This Ice Age wolf puppy doesn’t look much like a fearsome predator, what with her tiny puppy teeth and soft little ears. According to her DNA, however, the mummified puppy, named Zhùr, came from a population that’s among the ancestors of all modern wolves. Canada’s permafrost freeze-dried her remains shortly after her death around 57,000 years ago.
“She’s the most complete wolf mummy that’s ever been found. She’s basically 100 percent intact—all that’s missing are her eyes,” said Des Moines University paleontologist Julie Meachen.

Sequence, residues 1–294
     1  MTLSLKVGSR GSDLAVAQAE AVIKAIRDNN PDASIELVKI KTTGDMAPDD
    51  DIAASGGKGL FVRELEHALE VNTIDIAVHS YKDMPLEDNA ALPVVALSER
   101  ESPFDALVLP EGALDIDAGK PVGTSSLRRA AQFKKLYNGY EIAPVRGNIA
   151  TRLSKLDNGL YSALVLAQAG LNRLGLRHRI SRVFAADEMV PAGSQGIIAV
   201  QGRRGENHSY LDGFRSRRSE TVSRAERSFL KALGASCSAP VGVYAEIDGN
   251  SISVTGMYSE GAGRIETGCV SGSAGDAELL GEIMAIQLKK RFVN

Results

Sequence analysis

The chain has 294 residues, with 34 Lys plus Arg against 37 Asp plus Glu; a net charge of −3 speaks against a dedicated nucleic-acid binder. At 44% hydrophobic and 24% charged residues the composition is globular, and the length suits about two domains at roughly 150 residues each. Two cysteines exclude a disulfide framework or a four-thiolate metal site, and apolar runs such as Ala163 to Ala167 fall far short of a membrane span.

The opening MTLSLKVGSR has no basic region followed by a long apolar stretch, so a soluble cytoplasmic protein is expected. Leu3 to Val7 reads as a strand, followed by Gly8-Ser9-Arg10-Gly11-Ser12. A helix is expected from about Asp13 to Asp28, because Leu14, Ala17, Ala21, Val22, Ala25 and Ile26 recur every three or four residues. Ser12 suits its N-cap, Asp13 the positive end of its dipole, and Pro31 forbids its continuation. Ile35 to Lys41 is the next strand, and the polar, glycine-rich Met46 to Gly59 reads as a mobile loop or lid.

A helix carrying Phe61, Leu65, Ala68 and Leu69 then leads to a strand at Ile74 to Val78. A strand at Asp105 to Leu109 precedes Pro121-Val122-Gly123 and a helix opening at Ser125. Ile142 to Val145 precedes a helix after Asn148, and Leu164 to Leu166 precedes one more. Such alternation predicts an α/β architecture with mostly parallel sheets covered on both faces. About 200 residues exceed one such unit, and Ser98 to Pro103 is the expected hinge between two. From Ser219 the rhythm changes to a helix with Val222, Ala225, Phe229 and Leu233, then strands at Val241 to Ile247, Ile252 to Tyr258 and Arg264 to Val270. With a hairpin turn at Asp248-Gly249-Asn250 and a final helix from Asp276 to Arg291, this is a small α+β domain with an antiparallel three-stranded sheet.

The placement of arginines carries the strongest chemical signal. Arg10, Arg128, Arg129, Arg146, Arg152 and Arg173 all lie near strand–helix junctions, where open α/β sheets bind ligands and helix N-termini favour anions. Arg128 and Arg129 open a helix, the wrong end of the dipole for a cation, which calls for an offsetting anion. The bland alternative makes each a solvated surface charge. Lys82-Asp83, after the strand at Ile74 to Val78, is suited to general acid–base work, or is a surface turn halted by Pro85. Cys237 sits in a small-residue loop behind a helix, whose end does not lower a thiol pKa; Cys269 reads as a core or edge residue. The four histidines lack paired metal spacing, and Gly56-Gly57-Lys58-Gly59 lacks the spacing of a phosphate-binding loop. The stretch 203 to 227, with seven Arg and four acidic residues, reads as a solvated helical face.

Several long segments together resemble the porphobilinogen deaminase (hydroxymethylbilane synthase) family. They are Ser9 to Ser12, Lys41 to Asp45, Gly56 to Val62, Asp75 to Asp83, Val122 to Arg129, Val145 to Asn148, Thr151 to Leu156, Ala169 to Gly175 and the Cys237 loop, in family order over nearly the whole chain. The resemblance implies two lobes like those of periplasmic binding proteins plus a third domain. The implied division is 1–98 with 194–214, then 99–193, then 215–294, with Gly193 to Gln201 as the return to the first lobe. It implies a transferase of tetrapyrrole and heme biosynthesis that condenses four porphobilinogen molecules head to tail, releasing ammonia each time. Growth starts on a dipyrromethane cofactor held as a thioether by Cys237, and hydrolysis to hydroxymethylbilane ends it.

In July 2016, miner Neil Loveless of Favron Enterprises was searching for gold in Alaska’s famed Klondike gold fields. He was water-blasting the frozen mud along the banks of Last Chance Creek. It’s a process called “hydraulic thawing,” meant to thaw and soften the frozen permafrost so miners can search for gold in the streambed deposits, an approach called placer mining. But Loveless found something far stranger and even more interesting than Klondike gold: a frozen, mummified wolf puppy.